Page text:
Carl Nemo **==

  9. anthny

    anthny: It ain’t easy being Green.
    SnowCrash7 and Joyful C have it pegged, this guy May is just spoutting off Fox News sound bites that the regimes propaganda machine manufactures.
    This is a Civil War and when we leave the fighting will go on without us.
    Bin Ladin was a CIA operative when Russia was in Afganistan and I think he is still working for them.
    The whole point of the war was to bleed us dry of money and make Bush and Cheneys Corporations rich beyond belief, in that sense Mission Accomplished they have put the police state in place and its a matter of time that Blackwater and Halliburton will be ruling with an iron fist.
    Stop the non-sense and give the criminals the boot they deserve, life in prison for starting a war againist humanity……………………

  10. Wayne K Dolik

    I remember all the talk from the Vietnam days. Oh those bad Commies. If we leave the war Countries will all fall like Dominos! The Domino theory did not work then and it won’t hunt now.

    Firstly, the Iraqi’s are not America’s friends. Iraq is to fractured to be America’s friend. That is a fact. It is impossible to hold this Country based upon present Troop strength. The Generals knew that up front, but Bush Co. didn’t. The notion that if we leave, that Al Qaeda would rise is just plain false. In fact, there is a high degree of probability that the Kurds, Shia and Sunni would push Al Qaeda out of Iraq.

    The best way is to redeploy our Troops to a friendly Country and let the Iraqi’s sort this out on their own.

    But, then there is the Oil Sharing Agreement, which is illegal, immoral and downright unethical. Cheney’s little oil scam doesn’t have a chance in hell.

  11. allan hirsh

    mr. hirsh
    Just because someone is considered a pundit doesn’t necessarily mean that he is more or less than you or I. Punditry with the addition of partisanship is no longer wisdom so much as craftiness or slyness. The public is cowed by people in office or in think tanks and they have been responsible for the nightmare we live in. So, you can say anything you want to say and so can I. And then where is the guilt? If you have a conscience and once did something wrong, hocked a yoyo at the 5 & dime, consider the guilt these rabid invaders must feel for pursuing the war.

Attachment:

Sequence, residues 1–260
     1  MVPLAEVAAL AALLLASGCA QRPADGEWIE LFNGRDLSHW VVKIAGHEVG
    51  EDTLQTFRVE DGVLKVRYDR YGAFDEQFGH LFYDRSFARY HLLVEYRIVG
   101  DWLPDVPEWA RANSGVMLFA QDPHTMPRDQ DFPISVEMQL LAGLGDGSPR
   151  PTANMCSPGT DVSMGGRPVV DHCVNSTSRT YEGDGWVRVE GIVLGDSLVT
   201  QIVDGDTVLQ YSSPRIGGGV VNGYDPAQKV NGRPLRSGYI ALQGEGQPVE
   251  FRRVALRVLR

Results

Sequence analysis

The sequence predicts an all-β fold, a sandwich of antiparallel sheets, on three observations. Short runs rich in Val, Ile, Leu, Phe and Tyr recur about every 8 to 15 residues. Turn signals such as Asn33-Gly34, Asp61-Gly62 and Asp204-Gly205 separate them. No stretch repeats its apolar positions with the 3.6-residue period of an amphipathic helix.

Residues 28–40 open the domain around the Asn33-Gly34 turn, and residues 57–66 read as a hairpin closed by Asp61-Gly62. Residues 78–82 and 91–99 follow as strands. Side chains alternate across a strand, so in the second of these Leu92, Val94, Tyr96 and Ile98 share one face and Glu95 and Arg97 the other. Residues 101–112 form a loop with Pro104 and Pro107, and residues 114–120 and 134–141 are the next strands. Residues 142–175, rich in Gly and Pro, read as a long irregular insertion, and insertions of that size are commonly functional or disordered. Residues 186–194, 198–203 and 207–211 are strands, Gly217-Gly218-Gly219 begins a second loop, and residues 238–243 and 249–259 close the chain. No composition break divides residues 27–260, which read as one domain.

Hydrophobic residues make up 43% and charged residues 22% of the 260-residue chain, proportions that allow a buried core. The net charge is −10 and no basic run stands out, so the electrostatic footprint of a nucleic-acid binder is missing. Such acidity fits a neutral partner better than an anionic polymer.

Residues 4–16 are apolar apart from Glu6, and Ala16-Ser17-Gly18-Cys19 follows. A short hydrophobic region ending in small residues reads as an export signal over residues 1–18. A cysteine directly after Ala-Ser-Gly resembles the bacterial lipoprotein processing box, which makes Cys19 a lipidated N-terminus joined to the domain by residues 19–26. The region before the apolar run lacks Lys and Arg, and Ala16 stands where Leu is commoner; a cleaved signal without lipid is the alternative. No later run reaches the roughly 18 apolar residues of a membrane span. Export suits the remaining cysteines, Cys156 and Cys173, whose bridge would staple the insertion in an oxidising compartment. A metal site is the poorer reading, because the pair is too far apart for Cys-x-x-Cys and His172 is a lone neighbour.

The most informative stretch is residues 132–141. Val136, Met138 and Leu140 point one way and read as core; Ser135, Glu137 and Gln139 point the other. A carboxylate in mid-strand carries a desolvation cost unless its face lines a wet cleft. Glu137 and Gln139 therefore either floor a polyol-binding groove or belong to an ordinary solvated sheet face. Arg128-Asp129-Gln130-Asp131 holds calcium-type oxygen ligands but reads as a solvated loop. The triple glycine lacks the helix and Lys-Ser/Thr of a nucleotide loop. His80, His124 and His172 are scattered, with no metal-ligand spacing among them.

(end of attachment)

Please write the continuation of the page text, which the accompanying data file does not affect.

12. JoyfulC

    But is it really about fixing someone else’s problems? Or even about protecting ourselves from terrorism?

    All this has really only increased the danger the average American faces from terrorism.

    One thing I’m starting to wonder about is the relationship between active US military involvement in Iraq and US taxpayer funding of private (corporate) efforts there. Could it possibly be that it’s necessary to be at war and stay at war in order to continue subsidizing private “security” operations in Iraq?

    I guess what I’m wondering here is, if the US decided to withdraw from Iraq, what would happen to taxpayer dollars that are currently going to private corporations operating there? Are they there supporting our troops? Or are they there supporting corporate interests?

    Maybe I’m just paranoid.

  13. Sandra Price

    Thank you Snowcrash for your very informative point of view. We need more like you to speak out and I thank you for doing so here.

  14. DejaVuAllOver

    What a load of sewage. Are you SO stupid that you think staying in Iraq is going to allow us to police the world? Everyone hates us. Are we going to start a war with every other country, too, just so we can shoot everyone we don’t like? These things happen for reasons. If there were a way to fix this degenerate mess, we should do it. But there ain’t. The best we can do is admit we’re a nation of immoral fools who have been misled by some evil scumbags and hope the world will cut us some slack for our unmitigated hubris. THERE IS NO RIGHT WAY TO DO SOMETHING THAT’S FUNDAMENTALLY WRONG.